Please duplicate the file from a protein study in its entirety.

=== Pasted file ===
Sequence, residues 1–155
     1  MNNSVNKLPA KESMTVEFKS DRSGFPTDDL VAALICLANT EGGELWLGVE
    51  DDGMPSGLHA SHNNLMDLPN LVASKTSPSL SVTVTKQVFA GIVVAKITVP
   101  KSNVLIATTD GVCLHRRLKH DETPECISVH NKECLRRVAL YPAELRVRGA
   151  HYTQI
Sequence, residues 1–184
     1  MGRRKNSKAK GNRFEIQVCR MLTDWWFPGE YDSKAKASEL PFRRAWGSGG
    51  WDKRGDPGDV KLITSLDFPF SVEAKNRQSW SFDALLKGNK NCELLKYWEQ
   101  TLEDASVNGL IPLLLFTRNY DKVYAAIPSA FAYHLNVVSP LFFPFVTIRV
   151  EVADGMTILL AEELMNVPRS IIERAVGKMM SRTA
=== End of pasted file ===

Sequence, residues 1–155
     1  MNNSVNKLPA KESMTVEFKS DRSGFPTDDL VAALICLANT EGGELWLGVE
    51  DDGMPSGLHA SHNNLMDLPN LVASKTSPSL SVTVTKQVFA GIVVAKITVP
   101  KSNVLIATTD GVCLHRRLKH DETPECISVH NKECLRRVAL YPAELRVRGA
   151  HYTQI
Sequence, residues 1–184
     1  MGRRKNSKAK GNRFEIQVCR MLTDWWFPGE YDSKAKASEL PFRRAWGSGG
    51  WDKRGDPGDV KLITSLDFPF SVEAKNRQSW SFDALLKGNK NCELLKYWEQ
   101  TLEDASVNGL IPLLLFTRNY DKVYAAIPSA FAYHLNVVSP LFFPFVTIRV
   151  EVADGMTILL AEELMNVPRS IIERAVGKMM SRTA